Constance Ore is a retired Teacher, Choir Director, and Organist. And a formidable cook.

March 30, 2010

Filed under: — Constance at 10:53 pm on Tuesday, March 30, 2010

Ah, summer! Our several days of spring were grand but by today, it feels as though nature is on “fast forward”. Sunday presented the first suicidal insect’s remains on the windshield of the car. Yesterday, after giving Alphie his daily “comb out” I discovered our first tick of the season. On our walk through Sanctuary this morning, I heard frogs chanting by the stream and a meadow lark singing up on the hill near the edge of the forest. As I came back, a medium-sized ribbon snake made its way across the path directly in front of me, provoking the little shot of adrenalin that sudden sightings of snakes seem to evoke. The temperature is at 72 degrees with the 80’s predicted for tomorrow along with storms and winds and wildly fluctuating barometric readings. It is all too much, too fast. Our atmospheric ambiance is likely one of the reasons that Nebraska is not considered a prime tourist destination.

Holy Week, and the church invites everyone to remember again the life-changing events that took place so long ago. Much of the 14th chapter of St. John’s gospel is devoted to Jesus’ words of comfort to his disciples as he prepares to depart the Passover supper and enter the Garden of Gethsemane. I particularly like to think of the words, “Let not your heart be troubled, neither let it be afraid” because it addresses directly the hardest part of my own life – that is, the knowing and not-knowing about dying. I think about it a great deal since the arrival of the cancer. Plans are made for the future, but never for a long time, and always with a “maybe” lurking. I am now at the 46th day since the last transfusion; there were 56 days between it and the one prior to that; I hope to continue past Easter before getting another because we are planning a celebratory weekend at the end of April, and the blood is key to having the energy needed. As always, we are optimistic and we look forward to the days ahead.

“Peace I leave with you, my peace I give to you. I do not give to you as the world gives. Do not let your hearts be troubled, and do not let them be afraid.” (John 14:27)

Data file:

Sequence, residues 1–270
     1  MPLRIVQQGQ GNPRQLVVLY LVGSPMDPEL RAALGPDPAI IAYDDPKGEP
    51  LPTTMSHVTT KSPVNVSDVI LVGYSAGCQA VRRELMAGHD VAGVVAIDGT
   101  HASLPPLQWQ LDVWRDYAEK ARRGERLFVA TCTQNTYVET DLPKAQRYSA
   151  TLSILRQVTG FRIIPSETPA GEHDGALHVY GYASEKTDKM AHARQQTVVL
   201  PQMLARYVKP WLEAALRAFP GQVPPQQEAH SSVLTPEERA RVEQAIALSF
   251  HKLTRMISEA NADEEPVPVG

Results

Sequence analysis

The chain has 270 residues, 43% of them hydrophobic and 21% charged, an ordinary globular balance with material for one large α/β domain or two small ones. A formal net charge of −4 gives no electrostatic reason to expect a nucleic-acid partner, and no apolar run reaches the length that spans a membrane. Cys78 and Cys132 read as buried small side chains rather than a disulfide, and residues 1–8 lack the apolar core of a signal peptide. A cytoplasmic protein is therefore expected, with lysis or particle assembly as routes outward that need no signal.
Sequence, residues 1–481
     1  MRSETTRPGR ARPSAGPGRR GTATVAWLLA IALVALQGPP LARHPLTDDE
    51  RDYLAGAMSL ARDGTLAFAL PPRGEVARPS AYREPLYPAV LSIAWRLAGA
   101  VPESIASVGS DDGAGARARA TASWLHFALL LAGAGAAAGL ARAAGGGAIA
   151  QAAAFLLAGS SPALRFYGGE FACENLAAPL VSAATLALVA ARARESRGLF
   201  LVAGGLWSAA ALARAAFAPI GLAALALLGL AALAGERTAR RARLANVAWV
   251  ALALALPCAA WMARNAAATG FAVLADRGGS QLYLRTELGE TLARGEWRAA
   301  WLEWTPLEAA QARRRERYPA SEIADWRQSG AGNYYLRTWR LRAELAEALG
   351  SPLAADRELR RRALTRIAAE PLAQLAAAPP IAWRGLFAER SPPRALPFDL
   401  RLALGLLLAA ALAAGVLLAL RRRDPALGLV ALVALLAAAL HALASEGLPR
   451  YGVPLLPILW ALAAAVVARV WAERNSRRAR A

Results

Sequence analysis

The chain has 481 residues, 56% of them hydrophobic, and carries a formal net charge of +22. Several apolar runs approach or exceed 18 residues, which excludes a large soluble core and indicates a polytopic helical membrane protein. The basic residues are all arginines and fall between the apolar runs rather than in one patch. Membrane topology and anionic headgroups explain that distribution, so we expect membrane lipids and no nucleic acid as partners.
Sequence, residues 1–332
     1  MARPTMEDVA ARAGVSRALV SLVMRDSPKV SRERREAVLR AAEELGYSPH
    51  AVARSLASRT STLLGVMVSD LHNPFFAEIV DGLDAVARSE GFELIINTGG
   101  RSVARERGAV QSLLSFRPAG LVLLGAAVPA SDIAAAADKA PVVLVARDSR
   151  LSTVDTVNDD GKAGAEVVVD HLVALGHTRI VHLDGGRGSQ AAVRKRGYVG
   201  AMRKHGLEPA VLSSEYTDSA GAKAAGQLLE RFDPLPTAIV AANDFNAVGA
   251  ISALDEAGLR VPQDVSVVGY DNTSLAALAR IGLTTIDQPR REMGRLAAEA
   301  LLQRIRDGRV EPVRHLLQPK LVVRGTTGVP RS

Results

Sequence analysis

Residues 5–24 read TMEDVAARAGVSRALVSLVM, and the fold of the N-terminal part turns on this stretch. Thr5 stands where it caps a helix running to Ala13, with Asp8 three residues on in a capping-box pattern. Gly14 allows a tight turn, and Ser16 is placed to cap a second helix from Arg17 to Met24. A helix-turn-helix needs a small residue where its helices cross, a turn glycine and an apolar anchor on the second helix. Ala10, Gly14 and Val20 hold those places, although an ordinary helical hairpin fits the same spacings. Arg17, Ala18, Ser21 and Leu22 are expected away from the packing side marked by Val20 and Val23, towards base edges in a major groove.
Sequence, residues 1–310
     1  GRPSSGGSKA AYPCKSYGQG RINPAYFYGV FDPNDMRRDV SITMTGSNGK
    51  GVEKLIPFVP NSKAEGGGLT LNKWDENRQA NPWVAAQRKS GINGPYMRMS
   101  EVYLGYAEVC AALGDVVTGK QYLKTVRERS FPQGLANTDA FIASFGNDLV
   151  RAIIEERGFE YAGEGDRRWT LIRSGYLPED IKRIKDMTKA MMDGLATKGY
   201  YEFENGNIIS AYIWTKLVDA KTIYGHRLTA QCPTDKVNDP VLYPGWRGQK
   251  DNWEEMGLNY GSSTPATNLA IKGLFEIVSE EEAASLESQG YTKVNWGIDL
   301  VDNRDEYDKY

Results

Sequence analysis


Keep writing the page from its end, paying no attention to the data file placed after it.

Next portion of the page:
Have a blessed Easter!

March 23, 2010

Filed under: — Constance at 4:58 pm on Tuesday, March 23, 2010

Spring is here, officially and unofficially. The remaining snow is like small doilies under the denser trees in the forest and in a few shaded spots along the road. We have waited with longing for this season to come, and we view with delight the newly born shoots of lilies, daffodils and crocus. Alphie is removing his coat, hair by hair, and even with daily brushing, surfaces all over the house are adorned with signs of his preparation for warmer days.

The antibiotics that I consumed last week did their work, and by Saturday my voice returned and my lungs no longer felt like hollow stones. “Pneumonia, Bronchitis, Other Fatal Respiratory Stuff and no immunities!” I agonized. . . again. I have yet to get fearing the worst under control. My blood transfusion has “held” now for 40 days. I want to make it to 50 days or more if possible; that would be about six days less than between the last transfusions. This time frame is literally the measure of my days.

First Holy Week, then Easter comes, and on that morning, the grandest music of the church leads the celebrations. It’s as though musicians have tried to aurally move from earth to heaven and take all the rest of us along. There are so many hymns that appear in my memory, but my recent favorite is a text by Brian Wren; “Christ Is Risen! Shout Hosanna!” *

Christ is risen! Shout hosanna! Celebrate this day of days!
Christ is risen! Hush in wonder: all creation is amazed.
In the desert all-surrounding, see, a spreading tree has grown.
Healing leaves of grace abounding bring a taste of love unknown.

Christ is risen! Raise your spirits from the caverns of despair.
Walk with gladness in the morning, see what love can do and dare.
Drink the wine of resurrection, not a servant, but a friend.
Jesus is our strong companion – joy and peace shall never end.

* My favorite tune for this is JACKSON NEW by Wm Rowan because the first three tones go straight up!

March 16, 2010

Filed under: — Constance at 12:23 am on Wednesday, March 17, 2010